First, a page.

New FAA Guidance Changes Definition Of Aviation Maintenance, ARSA Says
Alexandria, Va., Sept. 1, 2006–The Aeronautical Repair Station Association (ARSA) has asked the Federal Aviation Administration (FAA) to clarify several issues raised in recently released guidance supporting the drug & alcohol (D&A) program testing rule–primarily definitions of maintenance that conflict with other rules and industry’s common understanding.
“We are deeply concerned that these [guidance] documents will fundamentally alter the definition of maintenance,” the Association said in a letter sent August 30 to the FAA.
Determining whether work is defined, in regulatory terms, as “maintenance” is a critical part of complying with the FAA’s new D&A testing regulation scheduled to go into effect October 10. The D&A rules state that persons performing “safety-sensitive functions” for part 121 and 135 certificate holders–directly or by contract, at any tier–must be enrolled in a D&A testing program. Maintenance is listed as a safety-sensitive function.
ARSA, responding to its members’ needs and in cooperation with other industry organizations, has been working with the FAA as the agency develops guidance on how to comply with the rule. Unfortunately, the first set of guidance materials, released earlier this month, created more questions than it answered.
For example, FAA’s guidance says that cleaning seat covers is not maintenance because cleaning is a part of the overhaul process, and the overhaul itself–not its individual elements–constitutes maintenance.
ARSA pointed out several flaws in the agency’s reasoning. For example, inspection—which is also part of an overhaul—is defined as maintenance in Federal Aviation Regulations (FAR) section 1.1.
Also, manufacturer maintenance manuals contain instructions for cleaning seat covers. Improper cleaning could affect their flammability requirements, which could violate Federal Aviation Regulations (FAR) concerning returning articles to service (FAR 43.13(b)). Under this rationale, cleaning would be considered maintenance, because the provider must comply with part 43 when performing the activity.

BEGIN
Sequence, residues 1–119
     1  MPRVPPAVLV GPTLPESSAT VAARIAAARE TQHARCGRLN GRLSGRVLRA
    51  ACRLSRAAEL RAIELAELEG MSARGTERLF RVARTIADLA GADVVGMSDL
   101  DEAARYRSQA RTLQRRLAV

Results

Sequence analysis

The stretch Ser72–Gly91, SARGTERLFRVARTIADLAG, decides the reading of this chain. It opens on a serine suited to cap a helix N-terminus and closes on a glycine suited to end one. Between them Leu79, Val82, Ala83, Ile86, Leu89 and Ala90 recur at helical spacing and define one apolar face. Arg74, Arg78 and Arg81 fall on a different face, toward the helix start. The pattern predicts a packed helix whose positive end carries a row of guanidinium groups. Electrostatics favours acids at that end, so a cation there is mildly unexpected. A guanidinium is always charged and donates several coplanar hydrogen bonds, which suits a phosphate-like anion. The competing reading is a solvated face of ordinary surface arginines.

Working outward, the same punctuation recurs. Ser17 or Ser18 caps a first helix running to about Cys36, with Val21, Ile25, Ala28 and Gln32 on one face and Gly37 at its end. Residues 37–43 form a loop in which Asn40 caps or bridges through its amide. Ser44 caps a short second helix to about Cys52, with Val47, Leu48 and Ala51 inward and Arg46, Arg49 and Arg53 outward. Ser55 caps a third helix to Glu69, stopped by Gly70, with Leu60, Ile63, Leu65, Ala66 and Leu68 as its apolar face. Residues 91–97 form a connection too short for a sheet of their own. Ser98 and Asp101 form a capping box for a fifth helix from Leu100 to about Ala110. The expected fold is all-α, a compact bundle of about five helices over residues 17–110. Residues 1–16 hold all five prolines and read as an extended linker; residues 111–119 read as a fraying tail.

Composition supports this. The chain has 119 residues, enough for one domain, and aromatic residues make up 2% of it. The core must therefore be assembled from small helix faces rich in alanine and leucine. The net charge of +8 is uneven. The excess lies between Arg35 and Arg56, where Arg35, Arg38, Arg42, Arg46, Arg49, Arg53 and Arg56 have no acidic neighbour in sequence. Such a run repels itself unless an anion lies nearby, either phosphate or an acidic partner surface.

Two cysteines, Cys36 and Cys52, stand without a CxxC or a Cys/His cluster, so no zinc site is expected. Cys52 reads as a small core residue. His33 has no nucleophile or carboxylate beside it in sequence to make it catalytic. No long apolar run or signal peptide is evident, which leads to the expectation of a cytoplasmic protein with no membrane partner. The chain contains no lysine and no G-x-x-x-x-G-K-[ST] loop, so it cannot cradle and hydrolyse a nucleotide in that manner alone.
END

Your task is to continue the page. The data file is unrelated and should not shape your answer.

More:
“ARSA believes that the issue of seat cleaning illustrates why part 43 should be the starting point for any analysis of whether a function is maintenance, and not the nature of the action performed,” the Association said. “By focusing solely on the action performed, the guidance ignores the requirements of part 43, which provide appropriate direction: If the activity is part of a maintenance record, it is maintenance.”
ARSA’s interpretation request addressed several other concerns as well. Download a copy of the letter here (.pdf).
Since the new D&A rule’s compliance date is so close, the Association asked the FAA to expedite its response “to ensure that the industry has clear and useful guidance as it attempts to comply” with the regulation.
Founded in 1984, ARSA is the leading trade association devoted to serving civil aviation maintenance organizations. ARSA’s 700 members perform maintenance and alterations on behalf of U.S. and foreign air carriers and other operators worldwide. ARSA represents the interests of aircraft maintenance and alteration facilities before federal agencies in the U.S. and abroad. The Association promotes laws and regulations that establish reasonable aviation safety standards and encourages the development of clear, concise, consistent and uniformly applied regulatory guidance and interpretations.